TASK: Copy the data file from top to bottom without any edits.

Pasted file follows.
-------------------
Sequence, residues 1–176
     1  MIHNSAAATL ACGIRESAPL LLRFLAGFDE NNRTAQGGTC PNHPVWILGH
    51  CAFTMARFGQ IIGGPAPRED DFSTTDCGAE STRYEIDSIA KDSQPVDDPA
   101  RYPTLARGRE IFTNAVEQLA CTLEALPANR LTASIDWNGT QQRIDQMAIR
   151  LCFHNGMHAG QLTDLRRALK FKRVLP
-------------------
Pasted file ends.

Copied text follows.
Sequence, residues 1–176
     1  MIHNSAAATL ACGIRESAPL LLRFLAGFDE NNRTAQGGTC PNHPVWILGH
    51  CAFTMARFGQ IIGGPAPRED DFSTTDCGAE STRYEIDSIA KDSQPVDDPA
   101  RYPTLARGRE IFTNAVEQLA CTLEALPANR LTASIDWNGT QQRIDQMAIR
   151  LCFHNGMHAG QLTDLRRALK FKRVLP